• Group 9, people aged 50 – 54 years – delivered by mass vaccination centres starting 5 April

The health board currently has mass vaccination centres located in Aberystwyth, Cardigan, Haverfordwest, Tenby, Carmarthen and Llanelli.

Group 6 is significantly the largest cohort to be vaccinated to date and we understand that many in this group will be anxious to receive a vaccine. Please do not contact your GP or the health board to ask about your appointment, you will be contacted directly when it is your turn and we thank you for your patience.

People in groups 7, 8 and 9 will receive a letter with an appointment date and time. Please arrive as close to your appointment time as possible. The letter will include a phone number to contact the health board should you need to rearrange or cancel your appointment but please make every effort to keep your allocated appointment time.

Steve Moore, Chief Executive of Hywel Dda UHB, said: “While  our programme has had to slow  due to supplies, we want to reassure everyone in groups 5 to 9 that our amazing teams of vaccinators and GP practices have the capability and flexibility to deliver our vaccine supplies as they arrive into the region.

“Vaccine supplies will start to increase again from mid-March, and we are confident that everyone living in our three counties in the top 9 priority groups will be offered a vaccine by mid-April.

“In Hywel Dda we have an older population compared to some other health boards and so over 50% of our adult population will have been offered a vaccine by milestone 2.

“To be able to say that as we approach the anniversary of the first national lockdown is nothing short of extraordinary.

“And again, I must say thank you to everyone living in our three counties who continue to come forward in substantial numbers for the vaccine. Uptake remains remarkably high and we hope to see this continue through groups 5 to 9 and into group 10.”

People are asked, wherever possible, to use their own private transport to attend an appointment. Lifts can be accepted from someone in their household or support bubble, but not from anyone else due to the risk of transmission of the virus.

The health board has put in place transport support for anyone who may have difficulty attending their vaccination appointment. If you have no other means of travel, please contact the health board on 0300 303 8322 and we will be happy to assist.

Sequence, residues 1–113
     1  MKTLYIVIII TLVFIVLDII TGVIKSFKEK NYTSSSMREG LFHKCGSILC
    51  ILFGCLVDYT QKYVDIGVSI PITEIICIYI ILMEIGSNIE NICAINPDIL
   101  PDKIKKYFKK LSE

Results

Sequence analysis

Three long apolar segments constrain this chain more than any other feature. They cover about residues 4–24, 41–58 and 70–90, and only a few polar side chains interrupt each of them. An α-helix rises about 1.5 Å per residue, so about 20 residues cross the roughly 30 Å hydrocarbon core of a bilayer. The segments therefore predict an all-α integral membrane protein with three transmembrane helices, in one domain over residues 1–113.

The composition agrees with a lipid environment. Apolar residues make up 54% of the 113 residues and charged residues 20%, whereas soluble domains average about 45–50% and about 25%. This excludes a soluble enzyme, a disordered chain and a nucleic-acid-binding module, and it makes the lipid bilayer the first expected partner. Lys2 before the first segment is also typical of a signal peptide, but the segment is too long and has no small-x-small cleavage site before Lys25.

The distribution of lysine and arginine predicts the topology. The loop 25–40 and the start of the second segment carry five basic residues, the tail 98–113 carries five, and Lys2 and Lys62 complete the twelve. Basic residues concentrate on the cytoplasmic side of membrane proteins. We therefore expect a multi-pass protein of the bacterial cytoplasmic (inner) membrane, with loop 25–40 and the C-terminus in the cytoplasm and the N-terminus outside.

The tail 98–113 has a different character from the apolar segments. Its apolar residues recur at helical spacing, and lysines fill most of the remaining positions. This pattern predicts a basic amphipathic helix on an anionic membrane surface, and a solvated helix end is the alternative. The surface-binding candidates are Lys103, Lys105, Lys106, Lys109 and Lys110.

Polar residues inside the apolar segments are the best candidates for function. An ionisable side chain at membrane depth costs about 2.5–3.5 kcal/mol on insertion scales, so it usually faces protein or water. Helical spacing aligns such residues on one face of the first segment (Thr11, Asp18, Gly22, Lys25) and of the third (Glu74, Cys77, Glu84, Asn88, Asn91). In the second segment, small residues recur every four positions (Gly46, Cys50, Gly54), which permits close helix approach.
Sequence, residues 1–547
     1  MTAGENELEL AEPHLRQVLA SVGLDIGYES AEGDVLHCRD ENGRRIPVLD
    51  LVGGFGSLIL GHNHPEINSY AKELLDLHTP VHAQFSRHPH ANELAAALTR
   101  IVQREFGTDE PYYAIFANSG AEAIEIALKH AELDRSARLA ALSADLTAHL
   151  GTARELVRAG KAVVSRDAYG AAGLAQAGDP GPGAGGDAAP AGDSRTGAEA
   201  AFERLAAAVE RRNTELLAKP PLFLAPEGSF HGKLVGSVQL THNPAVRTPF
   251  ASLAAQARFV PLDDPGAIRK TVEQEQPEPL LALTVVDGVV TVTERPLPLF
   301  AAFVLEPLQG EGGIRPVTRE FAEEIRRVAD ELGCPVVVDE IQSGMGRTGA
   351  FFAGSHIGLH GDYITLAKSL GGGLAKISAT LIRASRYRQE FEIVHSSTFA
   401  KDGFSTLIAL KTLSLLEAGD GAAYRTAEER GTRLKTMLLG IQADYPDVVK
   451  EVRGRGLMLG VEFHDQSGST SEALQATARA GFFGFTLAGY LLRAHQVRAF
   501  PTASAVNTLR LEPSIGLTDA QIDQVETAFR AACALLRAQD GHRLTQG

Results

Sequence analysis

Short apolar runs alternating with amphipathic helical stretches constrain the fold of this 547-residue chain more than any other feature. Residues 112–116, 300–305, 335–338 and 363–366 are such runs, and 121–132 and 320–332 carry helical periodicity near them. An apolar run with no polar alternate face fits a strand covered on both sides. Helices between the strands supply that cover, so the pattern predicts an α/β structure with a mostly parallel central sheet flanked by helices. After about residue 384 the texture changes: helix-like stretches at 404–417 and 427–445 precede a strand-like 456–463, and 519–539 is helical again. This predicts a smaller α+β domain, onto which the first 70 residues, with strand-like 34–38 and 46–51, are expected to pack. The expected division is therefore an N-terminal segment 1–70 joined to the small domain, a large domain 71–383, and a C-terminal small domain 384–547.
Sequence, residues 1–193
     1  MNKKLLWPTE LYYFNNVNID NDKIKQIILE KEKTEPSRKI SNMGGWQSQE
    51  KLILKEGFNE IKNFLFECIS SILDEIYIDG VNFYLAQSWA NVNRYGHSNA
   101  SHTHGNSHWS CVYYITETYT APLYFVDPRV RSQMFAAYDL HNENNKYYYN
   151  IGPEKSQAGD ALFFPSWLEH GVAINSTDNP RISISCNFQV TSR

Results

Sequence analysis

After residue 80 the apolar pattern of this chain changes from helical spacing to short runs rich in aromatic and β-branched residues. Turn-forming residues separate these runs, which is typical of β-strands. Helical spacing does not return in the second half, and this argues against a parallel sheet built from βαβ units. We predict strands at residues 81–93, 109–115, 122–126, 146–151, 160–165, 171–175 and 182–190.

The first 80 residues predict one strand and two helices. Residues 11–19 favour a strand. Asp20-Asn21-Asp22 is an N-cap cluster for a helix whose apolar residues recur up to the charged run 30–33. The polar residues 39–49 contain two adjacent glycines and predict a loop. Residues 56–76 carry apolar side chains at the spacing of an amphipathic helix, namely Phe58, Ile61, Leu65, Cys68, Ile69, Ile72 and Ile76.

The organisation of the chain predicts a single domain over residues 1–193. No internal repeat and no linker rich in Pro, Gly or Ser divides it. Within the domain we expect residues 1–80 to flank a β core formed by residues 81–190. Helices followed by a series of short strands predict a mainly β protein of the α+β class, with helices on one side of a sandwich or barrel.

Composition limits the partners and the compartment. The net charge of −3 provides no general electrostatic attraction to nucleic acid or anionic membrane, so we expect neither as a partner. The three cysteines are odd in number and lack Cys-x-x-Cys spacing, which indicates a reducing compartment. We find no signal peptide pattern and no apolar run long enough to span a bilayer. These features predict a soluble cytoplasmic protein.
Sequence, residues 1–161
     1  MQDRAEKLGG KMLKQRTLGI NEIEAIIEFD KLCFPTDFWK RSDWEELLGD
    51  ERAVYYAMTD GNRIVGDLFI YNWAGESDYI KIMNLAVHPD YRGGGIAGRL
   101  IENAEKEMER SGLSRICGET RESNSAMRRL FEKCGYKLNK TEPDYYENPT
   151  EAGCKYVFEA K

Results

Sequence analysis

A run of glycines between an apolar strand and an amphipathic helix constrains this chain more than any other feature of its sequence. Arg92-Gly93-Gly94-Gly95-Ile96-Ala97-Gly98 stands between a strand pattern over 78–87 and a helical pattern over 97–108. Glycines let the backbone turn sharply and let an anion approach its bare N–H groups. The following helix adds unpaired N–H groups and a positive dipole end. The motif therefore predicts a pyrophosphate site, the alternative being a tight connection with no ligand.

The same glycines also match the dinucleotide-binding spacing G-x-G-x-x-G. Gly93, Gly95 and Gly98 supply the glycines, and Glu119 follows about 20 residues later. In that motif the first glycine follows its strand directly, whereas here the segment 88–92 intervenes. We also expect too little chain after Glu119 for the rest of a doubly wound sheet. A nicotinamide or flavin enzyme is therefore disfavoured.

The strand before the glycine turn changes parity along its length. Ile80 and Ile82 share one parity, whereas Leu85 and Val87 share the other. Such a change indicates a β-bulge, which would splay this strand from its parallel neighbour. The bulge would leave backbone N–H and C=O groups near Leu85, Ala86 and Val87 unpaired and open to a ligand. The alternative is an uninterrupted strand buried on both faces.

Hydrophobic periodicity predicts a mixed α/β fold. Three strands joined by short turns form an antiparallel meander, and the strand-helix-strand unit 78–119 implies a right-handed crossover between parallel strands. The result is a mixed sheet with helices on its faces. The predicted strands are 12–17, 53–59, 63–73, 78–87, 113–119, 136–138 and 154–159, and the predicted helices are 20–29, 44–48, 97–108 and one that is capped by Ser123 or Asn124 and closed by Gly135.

Everyone in priority groups 1 to 4 should have received an offer of a vaccination. If you have not been contacted, or have changed your mind, please contact your GP at the earliest opportunity. No one will be left behind.

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Nolton Haven: Man hospitalised after getting into difficulties in sea

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A MAN was taken to hospital after getting into difficulties in the sea off Nolton Haven on Friday.

Emergency services were alerted at 2.40pm on February 26 by a 999 call to the control centre.

The Little Haven RNLI lifeboat, Broad Haven Coastguard, an ambulance crew and a Coastguard rescue helicopter assisted police in the operation.

The male casualty was stabilised on the beach and shortly before 4.30pm, was then transported to Withybush Hospital.

A police spokesman told The Herald: “We were called to a male who had got into difficulties in the water at Nolton Haven shortly before 3pm.

“He was taken to hospital by ambulance.”

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Cyclist killed on A40 was serving police officer, force confirms

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A CYCLIST who died after a crash with a van on the A40 in Carmarthenshire was a serving police officer with Dyfed-Powys Police, the force has confirmed in a statement to Herald.Wales.

The driver of the van involved in the crash, which happened on Thursday (Feb 25) has been arrested on suspicion of causing death by dangerous driving, it was confirmed on Friday (Feb 26).

Police are investigating the fatal collision, which caused the road to be closed for 12 hours, and are asking for any witnesses to come forward by calling 101.

37-year-old Lynwen Thomas, who is a former student at Ysgol Bro Myrddin, Croes-y-Ceiliog, Carmarthen, was a sergeant and a very well-respected member of Dyfed-Powys Police.

A spokesperson for the police said in a statement: “Our thoughts are with her family, friends and colleagues, who have all been offered specialist support. We ask that family members are given the privacy they need at this difficult time.”